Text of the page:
NH has voted to expand Medicaid in a distinctly NH way. We will use expanded Medicaid funds to pay for those who qualify to get insurance. The crux of the matter is the bill was set to fail once 'Obamacare' drops funding below 100%. It is set to incrementally decrease after three years, effectively repealing expanded Medicaid (The Health Protection Program) in NH without further legislative intervention.
See how the debate unfolded below... Scroll down for a quick overview of what Expanded Medicaid is, the role it serves and why it took NH so long to have it. Be sure to make it all the way to the end for information very specific to NH!
Expanded Medicaid is a core component of the ability of the Affordable Care Act to provide accessible, affordable health care to all Americans.
Medicare covers those over 65
Medicaid generally is restricted to low income individuals in a specified category, such as children, their parents, the aged, or individuals with disabilities. Adults without children are frequently excluded.
Medicaid expansion was intended to be the vehicle for covering low-income individuals excluded from Medicaid and those between 101 - 138% of the Federal Poverty Level
Marketplace insurance plans with premium tax credits and subsidies for covering people with higher incomes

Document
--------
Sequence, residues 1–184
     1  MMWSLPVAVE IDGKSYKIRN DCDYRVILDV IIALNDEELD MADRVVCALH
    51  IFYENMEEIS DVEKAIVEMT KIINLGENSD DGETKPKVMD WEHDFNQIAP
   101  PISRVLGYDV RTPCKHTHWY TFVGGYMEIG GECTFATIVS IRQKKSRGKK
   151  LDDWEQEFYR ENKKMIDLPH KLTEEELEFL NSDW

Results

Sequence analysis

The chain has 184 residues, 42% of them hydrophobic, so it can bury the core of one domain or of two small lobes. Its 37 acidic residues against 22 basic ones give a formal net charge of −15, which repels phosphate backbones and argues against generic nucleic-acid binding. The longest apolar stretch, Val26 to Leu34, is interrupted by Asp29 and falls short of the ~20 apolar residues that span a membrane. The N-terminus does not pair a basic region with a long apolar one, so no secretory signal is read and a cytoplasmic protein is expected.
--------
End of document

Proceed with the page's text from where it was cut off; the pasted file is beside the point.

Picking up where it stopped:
The June 2012 Supreme Court Ruling made state participation in Expanded Medicaid optional. 25 states including New Hampshire chose not to accept the Expanded Medicaid Program.
The following infographic is geared toward Texas, but in NH we are in the same situation as our Senator Rausch and the twelve other Republican NH Senators voted along party lines to deny healthcare assistance to 58,000 NH residents.
Who would use Expanded Medicaid (nationally)? (see more ACA demographics here)
Check out this informative brief by the Kaiser Foundation for more information:
And now, the information very specific to New Hampshire - as promised.
In fact, you can find out just how much New Hampshire has lost in Federal Tax dollars (NH residents already pay out more individually than we receive as a state) that could have been used to provide health insurance for 58,000 NH citizens.
As of January 9th at 3:37pm, New Hampshire has lost $4,311,127.73. $91,398.43 has been lost just in our Senate District (Windham, Derry and Hampstead).